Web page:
Ever since Rose's mother was diagnosed with Huntington's disease, Rose has lived in fear -- fear of what it would do to her mother and to their family, but also fear of whether she too would get sick some day. While there is still plenty of time before she could start to show symptoms, the 50/50 chance that they will appear hangs over her and holds her back.
Then, as she is about to turn eighteen, she meets Caleb, a black boy with two family members suffering from sickle-cell. He challenges her notions about race and her fear of getting sick and pushes her to overcome what is holding her back. It couldn't come at a more opportune moment as her talent in dance blossoms into the chance of a lifetime to attend an elite ballet school.
It's a novel with a mix of big ideas. There's the heavy subject of a family coping with chronic illness and a frank look at race and prejudice. And then there is all this little stuff (falling in love, pursuing dreams, etc.). Having all this stuff going on probably makes the book seem like a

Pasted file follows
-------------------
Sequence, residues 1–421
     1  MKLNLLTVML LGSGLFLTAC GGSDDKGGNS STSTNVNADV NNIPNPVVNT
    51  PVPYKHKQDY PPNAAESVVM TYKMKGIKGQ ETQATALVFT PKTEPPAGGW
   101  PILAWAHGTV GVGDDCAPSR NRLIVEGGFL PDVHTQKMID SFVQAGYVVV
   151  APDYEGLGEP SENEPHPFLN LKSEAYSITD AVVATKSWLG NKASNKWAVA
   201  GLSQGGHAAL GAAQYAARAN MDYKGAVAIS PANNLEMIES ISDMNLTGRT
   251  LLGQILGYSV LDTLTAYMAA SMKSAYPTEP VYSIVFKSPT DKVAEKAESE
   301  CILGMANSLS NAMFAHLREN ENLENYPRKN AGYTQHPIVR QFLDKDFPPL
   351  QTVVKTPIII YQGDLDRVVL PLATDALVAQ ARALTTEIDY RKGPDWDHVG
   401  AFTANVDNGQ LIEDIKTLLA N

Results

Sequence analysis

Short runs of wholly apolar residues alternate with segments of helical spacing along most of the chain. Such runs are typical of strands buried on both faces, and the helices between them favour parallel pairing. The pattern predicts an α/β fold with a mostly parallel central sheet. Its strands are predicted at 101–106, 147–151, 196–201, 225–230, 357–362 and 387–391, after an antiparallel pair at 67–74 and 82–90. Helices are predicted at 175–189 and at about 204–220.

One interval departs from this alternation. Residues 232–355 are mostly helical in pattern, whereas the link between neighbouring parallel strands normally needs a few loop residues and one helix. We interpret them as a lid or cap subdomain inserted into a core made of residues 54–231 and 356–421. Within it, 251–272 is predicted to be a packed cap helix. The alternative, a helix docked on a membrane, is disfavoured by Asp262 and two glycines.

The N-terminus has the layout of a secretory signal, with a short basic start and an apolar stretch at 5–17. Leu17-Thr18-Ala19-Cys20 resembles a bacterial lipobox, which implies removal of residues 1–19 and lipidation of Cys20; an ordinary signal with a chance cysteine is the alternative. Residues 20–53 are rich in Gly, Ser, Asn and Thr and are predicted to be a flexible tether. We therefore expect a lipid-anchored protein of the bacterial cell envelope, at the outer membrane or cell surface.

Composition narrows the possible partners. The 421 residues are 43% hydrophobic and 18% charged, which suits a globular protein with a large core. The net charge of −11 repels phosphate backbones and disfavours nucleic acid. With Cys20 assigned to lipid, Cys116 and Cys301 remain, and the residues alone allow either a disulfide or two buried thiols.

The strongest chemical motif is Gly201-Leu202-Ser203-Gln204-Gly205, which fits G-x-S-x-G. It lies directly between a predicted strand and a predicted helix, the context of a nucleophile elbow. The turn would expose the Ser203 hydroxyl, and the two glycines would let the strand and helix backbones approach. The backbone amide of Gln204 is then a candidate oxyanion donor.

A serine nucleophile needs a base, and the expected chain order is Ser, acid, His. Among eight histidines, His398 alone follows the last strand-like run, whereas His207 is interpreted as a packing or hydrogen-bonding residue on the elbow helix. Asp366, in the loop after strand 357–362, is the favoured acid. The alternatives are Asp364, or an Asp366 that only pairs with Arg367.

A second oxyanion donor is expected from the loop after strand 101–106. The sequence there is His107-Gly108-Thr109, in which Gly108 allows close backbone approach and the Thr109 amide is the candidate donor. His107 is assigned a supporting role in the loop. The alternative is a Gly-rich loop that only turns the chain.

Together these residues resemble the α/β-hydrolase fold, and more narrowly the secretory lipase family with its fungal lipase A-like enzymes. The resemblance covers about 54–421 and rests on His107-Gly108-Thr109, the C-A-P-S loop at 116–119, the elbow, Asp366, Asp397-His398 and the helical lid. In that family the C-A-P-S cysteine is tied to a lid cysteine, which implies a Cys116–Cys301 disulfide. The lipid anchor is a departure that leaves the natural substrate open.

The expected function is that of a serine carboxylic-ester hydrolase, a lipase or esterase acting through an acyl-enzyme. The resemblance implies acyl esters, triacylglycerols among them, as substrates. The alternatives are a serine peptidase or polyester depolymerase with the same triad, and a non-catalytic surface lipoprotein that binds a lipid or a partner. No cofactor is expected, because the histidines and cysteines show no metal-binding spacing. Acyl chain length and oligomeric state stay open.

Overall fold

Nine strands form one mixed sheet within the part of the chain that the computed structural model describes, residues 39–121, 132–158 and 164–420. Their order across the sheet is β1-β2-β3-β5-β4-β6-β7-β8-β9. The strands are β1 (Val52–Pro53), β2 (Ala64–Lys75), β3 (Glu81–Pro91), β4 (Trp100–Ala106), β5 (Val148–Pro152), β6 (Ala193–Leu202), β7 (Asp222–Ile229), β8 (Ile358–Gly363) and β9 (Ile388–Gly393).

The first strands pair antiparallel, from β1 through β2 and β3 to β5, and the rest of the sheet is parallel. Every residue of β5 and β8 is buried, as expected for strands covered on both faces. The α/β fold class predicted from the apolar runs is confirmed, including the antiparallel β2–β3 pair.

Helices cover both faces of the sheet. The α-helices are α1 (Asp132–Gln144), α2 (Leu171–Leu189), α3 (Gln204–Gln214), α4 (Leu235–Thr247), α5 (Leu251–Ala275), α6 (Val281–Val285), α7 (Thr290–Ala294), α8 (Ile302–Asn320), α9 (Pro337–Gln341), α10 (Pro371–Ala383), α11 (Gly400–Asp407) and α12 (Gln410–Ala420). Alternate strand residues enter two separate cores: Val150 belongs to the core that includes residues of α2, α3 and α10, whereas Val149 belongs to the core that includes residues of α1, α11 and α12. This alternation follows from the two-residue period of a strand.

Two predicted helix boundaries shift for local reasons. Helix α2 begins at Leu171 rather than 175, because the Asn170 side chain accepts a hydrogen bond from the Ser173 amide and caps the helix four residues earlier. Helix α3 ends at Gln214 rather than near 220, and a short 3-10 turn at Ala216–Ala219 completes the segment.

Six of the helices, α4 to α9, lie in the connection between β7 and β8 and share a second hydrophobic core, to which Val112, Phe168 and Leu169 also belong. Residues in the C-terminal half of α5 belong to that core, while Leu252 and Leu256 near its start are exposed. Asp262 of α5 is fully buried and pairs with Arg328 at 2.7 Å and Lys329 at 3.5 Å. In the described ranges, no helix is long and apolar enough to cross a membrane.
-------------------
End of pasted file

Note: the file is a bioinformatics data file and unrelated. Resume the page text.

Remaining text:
mess, but McGovern juggles it all flawlessly. But again, the highlight for me turned out to be her treatment of Rose's notions of race. Caleb insightfully probes Rose's racial privilege (one of my favorite scenes is when she protests that she is colorblind to race and he retorts that he wants the fact that he is black to be acknowledged and does not want her to ignore him). It's sophisticated stuff and moves us beyond tired tropes of political correctness. And while Rose frequently comes across badly as both naive and self-centered, there is an honesty and logic to the relationship that drew me in. And yes, there was a dying mother too.
Subscribe to: Post Comments (Atom)
Post a Comment